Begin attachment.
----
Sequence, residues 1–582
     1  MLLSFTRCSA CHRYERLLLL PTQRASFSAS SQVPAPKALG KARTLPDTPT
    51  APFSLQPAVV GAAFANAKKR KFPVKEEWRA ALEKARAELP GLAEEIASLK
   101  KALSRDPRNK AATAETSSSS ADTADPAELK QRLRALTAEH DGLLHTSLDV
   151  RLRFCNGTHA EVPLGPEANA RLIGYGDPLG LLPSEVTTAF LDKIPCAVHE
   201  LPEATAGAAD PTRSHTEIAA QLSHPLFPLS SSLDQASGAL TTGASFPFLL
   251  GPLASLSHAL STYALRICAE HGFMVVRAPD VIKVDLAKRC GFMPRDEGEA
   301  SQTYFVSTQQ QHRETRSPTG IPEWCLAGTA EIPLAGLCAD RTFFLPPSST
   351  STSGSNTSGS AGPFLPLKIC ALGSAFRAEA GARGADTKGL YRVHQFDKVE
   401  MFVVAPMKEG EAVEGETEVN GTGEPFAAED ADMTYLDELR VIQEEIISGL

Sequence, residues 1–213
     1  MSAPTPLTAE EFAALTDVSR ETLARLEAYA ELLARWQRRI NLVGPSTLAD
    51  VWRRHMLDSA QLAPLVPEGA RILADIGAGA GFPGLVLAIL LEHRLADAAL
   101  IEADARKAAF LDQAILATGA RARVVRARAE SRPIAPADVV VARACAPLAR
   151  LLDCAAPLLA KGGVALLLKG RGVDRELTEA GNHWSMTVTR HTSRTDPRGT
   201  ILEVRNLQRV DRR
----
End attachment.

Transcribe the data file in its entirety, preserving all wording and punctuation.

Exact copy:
Sequence, residues 1–582
     1  MLLSFTRCSA CHRYERLLLL PTQRASFSAS SQVPAPKALG KARTLPDTPT
    51  APFSLQPAVV GAAFANAKKR KFPVKEEWRA ALEKARAELP GLAEEIASLK
   101  KALSRDPRNK AATAETSSSS ADTADPAELK QRLRALTAEH DGLLHTSLDV
   151  RLRFCNGTHA EVPLGPEANA RLIGYGDPLG LLPSEVTTAF LDKIPCAVHE
   201  LPEATAGAAD PTRSHTEIAA QLSHPLFPLS SSLDQASGAL TTGASFPFLL
   251  GPLASLSHAL STYALRICAE HGFMVVRAPD VIKVDLAKRC GFMPRDEGEA
   301  SQTYFVSTQQ QHRETRSPTG IPEWCLAGTA EIPLAGLCAD RTFFLPPSST
   351  STSGSNTSGS AGPFLPLKIC ALGSAFRAEA GARGADTKGL YRVHQFDKVE
   401  MFVVAPMKEG EAVEGETEVN GTGEPFAAED ADMTYLDELR VIQEEIISGL

Sequence, residues 1–213
     1  MSAPTPLTAE EFAALTDVSR ETLARLEAYA ELLARWQRRI NLVGPSTLAD
    51  VWRRHMLDSA QLAPLVPEGA RILADIGAGA GFPGLVLAIL LEHRLADAAL
   101  IEADARKAAF LDQAILATGA RARVVRARAE SRPIAPADVV VARACAPLAR
   151  LLDCAAPLLA KGGVALLLKG RGVDRELTEA GNHWSMTVTR HTSRTDPRGT
   201  ILEVRNLQRV DRR